SFU postdoctoral fellows are inventors, philosophers, writers, scientists, teachers, engineers and designers. To celebrate their accomplishments, SFU will host Postdoc Research day on March 31 at the Burnaby campus. It’s a full day of conversation, networking and discovery with postdocs who are changing the world. SFU alumna Jennifer Gardy, senior scientist at the BC Centre for Disease Control, will give the keynote address at this year’s event. Gardy is also a regular guest host for CBC's TV program, “The Nature of Things.” She will talk about how to find “your niche” while making yourself exceptionally marketable.
The event will take place Thurs, March 31 from 9am to 5pm and is open to everyone in the SFU community. To stay updated, learn more and register, visit www.sfu.ca/postdocs/research-day-16
“The event provides a platform for SFU postdocs to showcase the impact of their research to the wider SFU community, who are likely unaware of the incredible initiatives they’re spearheading,” says Emma Griffiths, president of the Postdoctoral Association.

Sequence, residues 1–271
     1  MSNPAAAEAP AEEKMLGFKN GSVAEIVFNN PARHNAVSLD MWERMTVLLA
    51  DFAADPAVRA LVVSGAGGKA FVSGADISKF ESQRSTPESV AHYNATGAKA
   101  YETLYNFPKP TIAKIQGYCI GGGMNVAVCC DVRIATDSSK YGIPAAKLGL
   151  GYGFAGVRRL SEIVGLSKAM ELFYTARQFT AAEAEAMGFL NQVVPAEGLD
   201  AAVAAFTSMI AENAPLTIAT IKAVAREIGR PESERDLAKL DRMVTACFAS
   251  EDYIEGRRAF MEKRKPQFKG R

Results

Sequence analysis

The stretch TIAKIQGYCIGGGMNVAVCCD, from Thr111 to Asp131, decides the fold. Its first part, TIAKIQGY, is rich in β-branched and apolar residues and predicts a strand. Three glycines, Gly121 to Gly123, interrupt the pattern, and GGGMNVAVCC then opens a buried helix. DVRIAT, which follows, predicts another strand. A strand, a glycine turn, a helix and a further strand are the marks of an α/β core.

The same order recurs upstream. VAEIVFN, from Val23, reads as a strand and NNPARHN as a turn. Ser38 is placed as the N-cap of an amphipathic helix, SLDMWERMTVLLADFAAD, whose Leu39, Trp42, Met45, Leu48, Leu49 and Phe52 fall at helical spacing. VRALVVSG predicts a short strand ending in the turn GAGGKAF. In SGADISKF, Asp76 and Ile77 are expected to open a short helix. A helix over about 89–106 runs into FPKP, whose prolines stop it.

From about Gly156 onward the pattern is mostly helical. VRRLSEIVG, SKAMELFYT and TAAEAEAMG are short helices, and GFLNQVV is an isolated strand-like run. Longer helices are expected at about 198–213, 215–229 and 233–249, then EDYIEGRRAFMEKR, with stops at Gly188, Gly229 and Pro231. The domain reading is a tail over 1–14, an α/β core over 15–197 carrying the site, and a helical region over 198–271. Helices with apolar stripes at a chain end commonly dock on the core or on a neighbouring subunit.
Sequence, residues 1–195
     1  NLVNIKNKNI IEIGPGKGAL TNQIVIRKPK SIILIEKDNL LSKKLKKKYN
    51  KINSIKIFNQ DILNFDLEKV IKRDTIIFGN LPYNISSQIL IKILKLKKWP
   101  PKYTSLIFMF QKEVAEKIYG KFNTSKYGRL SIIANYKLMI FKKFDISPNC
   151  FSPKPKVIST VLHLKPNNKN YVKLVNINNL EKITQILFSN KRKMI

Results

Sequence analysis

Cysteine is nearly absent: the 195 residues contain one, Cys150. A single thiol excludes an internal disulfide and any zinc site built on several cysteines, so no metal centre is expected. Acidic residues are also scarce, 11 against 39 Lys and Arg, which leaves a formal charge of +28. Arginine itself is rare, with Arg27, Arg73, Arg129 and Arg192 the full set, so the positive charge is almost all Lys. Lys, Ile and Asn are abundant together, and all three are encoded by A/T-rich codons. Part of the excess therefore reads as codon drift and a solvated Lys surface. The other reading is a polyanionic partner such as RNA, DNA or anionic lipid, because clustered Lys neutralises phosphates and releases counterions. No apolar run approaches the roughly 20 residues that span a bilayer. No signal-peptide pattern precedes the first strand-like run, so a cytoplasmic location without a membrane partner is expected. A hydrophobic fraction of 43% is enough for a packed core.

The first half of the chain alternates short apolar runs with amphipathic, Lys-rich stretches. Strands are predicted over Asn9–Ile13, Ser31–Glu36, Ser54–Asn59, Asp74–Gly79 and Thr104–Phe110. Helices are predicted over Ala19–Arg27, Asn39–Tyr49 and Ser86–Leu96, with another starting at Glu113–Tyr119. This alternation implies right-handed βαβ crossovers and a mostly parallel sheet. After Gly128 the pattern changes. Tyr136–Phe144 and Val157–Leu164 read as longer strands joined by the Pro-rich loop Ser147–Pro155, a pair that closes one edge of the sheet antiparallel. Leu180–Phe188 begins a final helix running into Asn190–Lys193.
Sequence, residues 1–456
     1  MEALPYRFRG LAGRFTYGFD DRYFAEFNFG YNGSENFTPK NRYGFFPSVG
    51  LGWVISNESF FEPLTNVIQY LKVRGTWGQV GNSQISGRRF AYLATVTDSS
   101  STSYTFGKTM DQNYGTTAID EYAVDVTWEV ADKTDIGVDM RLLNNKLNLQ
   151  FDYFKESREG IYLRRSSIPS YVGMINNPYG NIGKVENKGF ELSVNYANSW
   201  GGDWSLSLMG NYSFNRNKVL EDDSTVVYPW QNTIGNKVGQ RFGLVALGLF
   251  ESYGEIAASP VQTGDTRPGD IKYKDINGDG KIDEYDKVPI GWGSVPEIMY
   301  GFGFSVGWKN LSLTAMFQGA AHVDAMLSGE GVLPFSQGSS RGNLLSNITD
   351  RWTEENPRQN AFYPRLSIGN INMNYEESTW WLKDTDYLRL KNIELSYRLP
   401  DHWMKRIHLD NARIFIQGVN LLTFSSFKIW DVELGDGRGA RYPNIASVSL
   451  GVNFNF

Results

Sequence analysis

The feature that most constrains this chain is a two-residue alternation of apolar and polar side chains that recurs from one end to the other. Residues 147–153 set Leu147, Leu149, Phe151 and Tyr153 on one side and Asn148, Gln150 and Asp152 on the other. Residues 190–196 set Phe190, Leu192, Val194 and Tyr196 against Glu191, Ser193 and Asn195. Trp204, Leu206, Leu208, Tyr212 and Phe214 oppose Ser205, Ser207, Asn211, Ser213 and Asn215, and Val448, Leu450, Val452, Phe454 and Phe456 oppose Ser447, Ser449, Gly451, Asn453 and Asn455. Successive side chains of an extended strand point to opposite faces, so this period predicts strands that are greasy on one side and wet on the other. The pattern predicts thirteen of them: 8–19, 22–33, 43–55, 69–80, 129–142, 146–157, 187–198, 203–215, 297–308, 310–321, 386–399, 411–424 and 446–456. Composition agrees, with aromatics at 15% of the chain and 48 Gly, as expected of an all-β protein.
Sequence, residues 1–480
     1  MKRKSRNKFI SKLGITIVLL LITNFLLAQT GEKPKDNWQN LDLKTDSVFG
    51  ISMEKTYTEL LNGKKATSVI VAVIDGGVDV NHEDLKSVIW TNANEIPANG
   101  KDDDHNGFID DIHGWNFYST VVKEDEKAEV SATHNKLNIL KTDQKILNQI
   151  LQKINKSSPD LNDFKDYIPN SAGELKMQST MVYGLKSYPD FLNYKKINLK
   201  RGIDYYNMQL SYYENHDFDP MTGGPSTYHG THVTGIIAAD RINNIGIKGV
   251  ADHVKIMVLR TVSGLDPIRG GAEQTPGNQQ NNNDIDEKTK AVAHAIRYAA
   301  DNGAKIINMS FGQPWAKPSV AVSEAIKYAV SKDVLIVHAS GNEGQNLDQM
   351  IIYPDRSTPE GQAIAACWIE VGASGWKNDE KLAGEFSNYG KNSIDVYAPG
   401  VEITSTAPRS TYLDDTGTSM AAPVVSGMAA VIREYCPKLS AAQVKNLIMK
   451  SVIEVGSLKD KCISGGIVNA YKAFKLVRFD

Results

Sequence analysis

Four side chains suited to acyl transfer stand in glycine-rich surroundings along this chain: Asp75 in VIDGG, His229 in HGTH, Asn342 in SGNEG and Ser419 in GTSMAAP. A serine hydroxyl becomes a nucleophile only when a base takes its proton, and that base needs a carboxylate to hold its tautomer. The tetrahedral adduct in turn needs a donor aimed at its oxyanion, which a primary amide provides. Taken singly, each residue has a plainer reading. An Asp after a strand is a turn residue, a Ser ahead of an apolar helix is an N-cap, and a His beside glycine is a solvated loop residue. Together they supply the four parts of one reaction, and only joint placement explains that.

“More than that, it’s an opportunity for networking and community-building. We're working to build a stronger postdoctoral community across all of SFU’s campuses.”
The event will include presentations from three Banting Fellowship winners:
- Claire Battershill (English): how digitizing literary archives will allow for better understanding of publishing processes of the past.
- Tom Flower (biology): how different species shape each other’s behaviours and can potentially fragment habitats.
- Lianne Willems (chemistry): how cellular protein changes are linked to Alzheimer's disease.
SFU Postdoctoral presenters also include:
- Jennie Eastcott (chemistry): designing better hydrogen fuel cells for cars.
- Igor Boettcher (physics): a superconductor’s ability to allow current to travel without any resistance and what that can mean for power transmission.
- Luciane Fadel (SIAT): using space and layout in relation to webpage design.
- Medha Satish Kumar (business): her study of culture and its effect on the job market.
- Stephen Makonin (engineering science): how Smart Meters that monitor energy consumption may not really be that smart.